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How should a character behave?

I just read a funny (but I guess not a very scientific) article (The Inner Doughboy – Ruth Shalit) about the code of conduct many famous brand mascots (or spokes-characters) have. There are strickt rules to how for example some of the classic american mascots like Ronald McDonald, Green Giant, Mr Peanut and Doughboy (representing the grain brand Pillbury that are selling baking products) can behave. They are restricted by long guidelines about their look, behavior and gestures.

And asked about how their personalty they are always described as being nice and friendly.

Pillsbury-Doughboy

So Doughboy is only portraied as a helper a teacher or a friend. He is poppin’ fresh.

greengiant

Green Giant can never come out of his green valley, where he grows his healthy vegetables.

ronald-mcdonald

Ronald McDonald is kid’s fun magical friend.

mrpeanut

Mr Peanut is single. He is a cosmopolitan guy. He is too busy to be settling down.

But isn’t that also a little boring, maybe even cheasy. What about the statement that: ‘The best characters are the ones who are flawed or internally conflicted’

Who are the characters under the surface?

doughboy_bad

jolly-green-giant-grave

ronald-mcdonald-cosplay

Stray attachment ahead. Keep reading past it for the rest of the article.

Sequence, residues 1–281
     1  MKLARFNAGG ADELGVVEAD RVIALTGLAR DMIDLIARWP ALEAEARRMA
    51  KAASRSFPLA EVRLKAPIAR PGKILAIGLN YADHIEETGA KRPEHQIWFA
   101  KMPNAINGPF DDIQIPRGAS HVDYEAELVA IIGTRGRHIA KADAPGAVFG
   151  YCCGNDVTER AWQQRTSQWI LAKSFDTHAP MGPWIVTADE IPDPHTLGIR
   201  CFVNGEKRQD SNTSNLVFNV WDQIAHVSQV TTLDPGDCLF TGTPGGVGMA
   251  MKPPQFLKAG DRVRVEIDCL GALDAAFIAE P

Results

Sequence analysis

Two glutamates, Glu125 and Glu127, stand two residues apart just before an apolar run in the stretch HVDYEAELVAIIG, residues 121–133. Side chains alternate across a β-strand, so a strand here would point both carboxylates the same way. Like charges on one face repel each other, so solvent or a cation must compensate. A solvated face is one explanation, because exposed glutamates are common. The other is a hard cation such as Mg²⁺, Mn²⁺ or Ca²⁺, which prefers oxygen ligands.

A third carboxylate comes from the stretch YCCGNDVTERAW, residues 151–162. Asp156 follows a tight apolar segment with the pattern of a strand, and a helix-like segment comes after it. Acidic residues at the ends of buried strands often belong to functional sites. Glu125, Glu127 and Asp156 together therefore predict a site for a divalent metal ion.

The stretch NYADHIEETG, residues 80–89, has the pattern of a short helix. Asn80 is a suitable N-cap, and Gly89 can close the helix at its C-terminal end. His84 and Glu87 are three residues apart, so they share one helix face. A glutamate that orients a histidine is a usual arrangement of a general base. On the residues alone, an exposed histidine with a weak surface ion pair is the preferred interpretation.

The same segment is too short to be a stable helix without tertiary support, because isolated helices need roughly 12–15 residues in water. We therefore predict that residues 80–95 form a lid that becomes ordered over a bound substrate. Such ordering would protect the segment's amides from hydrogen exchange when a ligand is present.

peanutdissected

Anthropomorphism

anthropomorphism

Lucas Zanotto: Having a face – project

Anthropomorphism: the propensity to attribute human characteristics to objects. Seeing the human in non-human forms.

Anthropomorphism is a concept important at the very core of my project. Because why should we care about adding a character to our brand if it din’t have an impact on us and on our relation to the brand and the visual identity.

So why are we using brand mascots and characters: ’The primary benefit of spokes character advertising is thought to be the emotional connection that the character builds between the brand and the consumer’

Its all about emotions.

Human attributes that embody objects and animals:  intelligence, belief, desire, intension, goals, plans, psychological states, powers and will

Lucas Zanotto for example puts two disposable plates (where he paints black circles on) on objects that he encounters in nature – and suddenly the object is alive and relates to us.

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